Enough of Yoder’s life.  Also by way of biography as theology, I will just briefly note my own family’s engagement in issues of church and state, war and peace.  My parents were part of a Mennonite mission team of about five or six families and several single men and women who planted a Vietnamese church in
Saigon, Vietnam in the midst of the Vietnam War of the 1960s and 70s.  (My parents and older sisters have some great stories about living through the Tet Offensive of 1968, when the war came right into their city neighborhood!  I was born two year later, so I missed out on the excitement.)  My dad’s ten-year “tour of duty” in mission and service work in Vietnam more than met the alternative service requirements placed on him by the American state as a conscientious objector to war.  After the tragic end of that disastrous war, my dad used his fluency in Vietnamese to help resettle thousands of SE Asian refugees in the US and Canada, where many have become highly productive citizens.  My Mom taught English as a Second Language to immigrants for many years in the public schools system.  In his retirement, my dad volunteers with a local Victim-Offender Reconciliation Program, or VORP, a restorative justice approach to crime and punishment that Mennonites began experimenting with in the early 1970s and which is now an alternative track option in some North American court systems.  My dad just recently traveled back to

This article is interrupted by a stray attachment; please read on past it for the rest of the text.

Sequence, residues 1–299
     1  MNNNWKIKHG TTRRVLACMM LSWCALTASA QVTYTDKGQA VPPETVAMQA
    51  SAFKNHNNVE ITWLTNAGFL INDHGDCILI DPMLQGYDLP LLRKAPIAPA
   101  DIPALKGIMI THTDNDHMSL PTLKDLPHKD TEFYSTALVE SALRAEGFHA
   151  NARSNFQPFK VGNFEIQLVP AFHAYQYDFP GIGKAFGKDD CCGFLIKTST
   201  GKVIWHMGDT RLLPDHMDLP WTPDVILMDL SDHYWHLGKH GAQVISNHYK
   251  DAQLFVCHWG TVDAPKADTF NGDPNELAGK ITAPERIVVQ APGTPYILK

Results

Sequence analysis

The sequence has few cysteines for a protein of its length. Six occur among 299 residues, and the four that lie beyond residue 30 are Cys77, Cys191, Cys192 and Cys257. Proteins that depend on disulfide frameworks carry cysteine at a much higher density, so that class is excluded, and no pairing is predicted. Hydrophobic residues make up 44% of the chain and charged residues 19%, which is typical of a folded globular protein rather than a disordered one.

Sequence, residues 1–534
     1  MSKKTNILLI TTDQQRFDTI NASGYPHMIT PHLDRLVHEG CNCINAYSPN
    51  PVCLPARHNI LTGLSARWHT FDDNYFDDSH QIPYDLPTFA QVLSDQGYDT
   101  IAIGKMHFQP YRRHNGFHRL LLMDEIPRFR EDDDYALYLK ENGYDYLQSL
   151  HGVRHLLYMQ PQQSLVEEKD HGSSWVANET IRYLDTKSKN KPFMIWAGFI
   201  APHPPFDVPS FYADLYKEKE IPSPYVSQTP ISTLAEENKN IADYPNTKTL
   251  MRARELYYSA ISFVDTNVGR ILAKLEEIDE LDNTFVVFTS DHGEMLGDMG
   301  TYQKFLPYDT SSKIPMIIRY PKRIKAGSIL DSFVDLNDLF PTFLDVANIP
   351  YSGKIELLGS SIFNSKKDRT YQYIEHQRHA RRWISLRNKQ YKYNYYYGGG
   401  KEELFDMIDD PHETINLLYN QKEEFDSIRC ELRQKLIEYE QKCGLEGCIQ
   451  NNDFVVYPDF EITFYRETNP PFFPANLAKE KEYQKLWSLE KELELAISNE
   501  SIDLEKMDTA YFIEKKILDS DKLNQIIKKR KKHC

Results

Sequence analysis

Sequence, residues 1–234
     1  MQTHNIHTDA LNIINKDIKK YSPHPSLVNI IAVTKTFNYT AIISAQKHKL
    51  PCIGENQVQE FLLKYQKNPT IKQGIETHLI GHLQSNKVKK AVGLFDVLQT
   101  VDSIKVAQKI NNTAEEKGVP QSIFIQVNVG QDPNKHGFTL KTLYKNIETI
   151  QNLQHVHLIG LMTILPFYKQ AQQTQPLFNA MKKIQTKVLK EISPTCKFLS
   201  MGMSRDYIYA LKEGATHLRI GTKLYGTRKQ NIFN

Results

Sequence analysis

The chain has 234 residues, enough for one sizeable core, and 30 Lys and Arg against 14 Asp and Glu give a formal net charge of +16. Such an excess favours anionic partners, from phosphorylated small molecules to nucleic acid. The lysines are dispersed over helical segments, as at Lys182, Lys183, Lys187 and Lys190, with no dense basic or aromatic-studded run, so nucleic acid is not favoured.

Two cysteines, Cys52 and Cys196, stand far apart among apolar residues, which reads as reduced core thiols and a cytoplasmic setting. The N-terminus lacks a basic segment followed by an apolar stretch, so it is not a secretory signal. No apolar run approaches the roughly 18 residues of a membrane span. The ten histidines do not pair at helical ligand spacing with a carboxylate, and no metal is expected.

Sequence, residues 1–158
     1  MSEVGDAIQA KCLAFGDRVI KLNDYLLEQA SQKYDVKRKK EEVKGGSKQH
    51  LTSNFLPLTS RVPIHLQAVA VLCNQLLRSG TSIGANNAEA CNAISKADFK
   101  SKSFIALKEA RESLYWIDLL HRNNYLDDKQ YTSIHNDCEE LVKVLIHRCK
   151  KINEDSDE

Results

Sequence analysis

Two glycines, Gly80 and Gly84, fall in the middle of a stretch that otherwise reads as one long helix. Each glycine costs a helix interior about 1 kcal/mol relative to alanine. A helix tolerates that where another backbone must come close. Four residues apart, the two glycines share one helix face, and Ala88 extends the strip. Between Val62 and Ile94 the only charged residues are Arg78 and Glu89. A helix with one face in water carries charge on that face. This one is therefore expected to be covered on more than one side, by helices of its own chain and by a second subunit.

Vietnam to help strengthen the Vietnamese Mennonite church in face of discrimination by their communist government, who last year had six of the church’s leaders thrown into prison.  All have since been released after pressure was applied by Mennonites all over the world, other evangelicals, and groups like Amnesty International, though not without some beatings and much hardship along the way.  Thus these contemporary Christians are re-living the struggle for religious freedom that characterized the Anabaptist movement of the Radical Reformation.  Which brings us back to where we started, with the Anabaptists!